Dissertation/Thesis Abstract

Acculturation and alcoholism among foreign born Hispanics in the United States
by Montalvan, Carlos A., M.S., California State University, Long Beach, 2011, 38; 1504512
Abstract (Summary)

The purpose of this study was to examine how acculturation would influence alcohol consumption among Hispanic/Latinos. Data from the California Health Interview Survey for 2007 were used to analyze and predict the relationship between alcohol consumption and acculturation. For Hypothesis 1, acculturation measured as English language proficiency and English language preference would predict alcohol consumption among foreign-born Hispanics/Latinos who live in the United States. For Hypothesis 2, acculturation measured as number of years of residence in the United States was a predictor of alcohol consumption. Hypothesis 3 considered gender as a moderator for the relationship between acculturation and alcohol consumption: higher alcohol consumption would be found among Latinas with higher levels of acculturation than among Latino men. The results showed that English language, specifically “the preference of English media,” was a statistically significant predictor of alcohol consumption; therefore, Hypothesis 1 was partially supported. Hypothesis 2, that years of residence in the United States as a predictor for alcohol consumption, was also supported. However, Hypothesis 3 was not supported: Latino men and women did not differ in terms of alcohol consumption as a function of acculturation.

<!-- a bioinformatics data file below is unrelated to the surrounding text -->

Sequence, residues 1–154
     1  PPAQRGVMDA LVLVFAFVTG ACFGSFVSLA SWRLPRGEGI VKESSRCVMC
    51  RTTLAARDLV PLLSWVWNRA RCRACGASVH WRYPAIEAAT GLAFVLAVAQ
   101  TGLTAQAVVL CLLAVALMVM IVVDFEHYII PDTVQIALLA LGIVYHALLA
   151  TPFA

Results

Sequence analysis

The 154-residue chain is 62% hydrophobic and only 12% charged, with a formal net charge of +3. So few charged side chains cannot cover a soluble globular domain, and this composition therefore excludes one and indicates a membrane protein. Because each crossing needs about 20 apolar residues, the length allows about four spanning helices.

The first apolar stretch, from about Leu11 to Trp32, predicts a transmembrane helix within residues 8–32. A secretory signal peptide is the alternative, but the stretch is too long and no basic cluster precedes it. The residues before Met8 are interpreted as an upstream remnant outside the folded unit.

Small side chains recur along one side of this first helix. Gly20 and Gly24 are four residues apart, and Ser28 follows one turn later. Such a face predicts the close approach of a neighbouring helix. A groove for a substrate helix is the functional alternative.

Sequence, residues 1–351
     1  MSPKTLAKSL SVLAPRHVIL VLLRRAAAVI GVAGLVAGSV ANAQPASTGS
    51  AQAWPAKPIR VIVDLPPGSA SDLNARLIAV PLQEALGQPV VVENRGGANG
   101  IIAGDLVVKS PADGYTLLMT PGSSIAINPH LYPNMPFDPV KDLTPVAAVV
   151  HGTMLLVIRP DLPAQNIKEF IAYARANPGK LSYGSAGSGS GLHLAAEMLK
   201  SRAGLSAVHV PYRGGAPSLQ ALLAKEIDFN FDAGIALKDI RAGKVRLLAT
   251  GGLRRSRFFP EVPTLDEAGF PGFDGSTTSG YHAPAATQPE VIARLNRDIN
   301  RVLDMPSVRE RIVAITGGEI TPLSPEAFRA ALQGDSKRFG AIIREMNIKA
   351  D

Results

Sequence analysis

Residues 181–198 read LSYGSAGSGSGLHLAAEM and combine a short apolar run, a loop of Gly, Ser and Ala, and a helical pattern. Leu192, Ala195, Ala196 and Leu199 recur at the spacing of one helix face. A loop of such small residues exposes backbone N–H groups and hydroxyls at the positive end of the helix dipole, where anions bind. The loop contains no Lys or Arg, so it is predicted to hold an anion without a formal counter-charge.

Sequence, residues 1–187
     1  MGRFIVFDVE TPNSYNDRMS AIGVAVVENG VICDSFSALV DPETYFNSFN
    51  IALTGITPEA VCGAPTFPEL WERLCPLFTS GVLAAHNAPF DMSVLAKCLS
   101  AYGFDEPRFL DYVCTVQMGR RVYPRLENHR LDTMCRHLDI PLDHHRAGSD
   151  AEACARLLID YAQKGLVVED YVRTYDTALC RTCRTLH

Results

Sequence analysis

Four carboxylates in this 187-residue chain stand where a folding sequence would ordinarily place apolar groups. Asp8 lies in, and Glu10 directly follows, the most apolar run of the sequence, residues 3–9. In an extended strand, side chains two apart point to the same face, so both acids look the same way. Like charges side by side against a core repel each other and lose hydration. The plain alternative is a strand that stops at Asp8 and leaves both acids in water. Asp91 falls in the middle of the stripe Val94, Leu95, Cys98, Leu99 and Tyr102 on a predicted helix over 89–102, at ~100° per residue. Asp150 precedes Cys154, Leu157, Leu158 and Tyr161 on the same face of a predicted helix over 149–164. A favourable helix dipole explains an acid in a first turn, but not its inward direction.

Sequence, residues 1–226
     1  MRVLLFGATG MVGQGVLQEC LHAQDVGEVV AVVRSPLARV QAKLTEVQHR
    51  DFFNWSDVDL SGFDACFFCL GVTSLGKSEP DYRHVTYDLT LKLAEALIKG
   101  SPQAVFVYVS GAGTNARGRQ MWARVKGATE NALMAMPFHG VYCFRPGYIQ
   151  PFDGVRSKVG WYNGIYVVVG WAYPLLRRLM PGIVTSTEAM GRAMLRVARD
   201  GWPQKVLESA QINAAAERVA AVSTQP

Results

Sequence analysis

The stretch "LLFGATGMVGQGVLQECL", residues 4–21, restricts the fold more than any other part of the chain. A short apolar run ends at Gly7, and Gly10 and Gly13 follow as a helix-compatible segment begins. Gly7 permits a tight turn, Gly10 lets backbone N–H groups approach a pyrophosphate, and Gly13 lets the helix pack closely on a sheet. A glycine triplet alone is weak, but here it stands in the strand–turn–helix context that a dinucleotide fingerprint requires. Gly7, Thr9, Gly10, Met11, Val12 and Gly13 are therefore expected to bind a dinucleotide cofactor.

Indexing (document details)
Advisor: Hanh-Nguyen, Hannah
School: California State University, Long Beach
School Location: United States -- California
Source: MAI 50/03M, Masters Abstracts International
Subjects: Latin American Studies, Hispanic American studies
Publication Number: 1504512
ISBN: 978-1-124-99454-3
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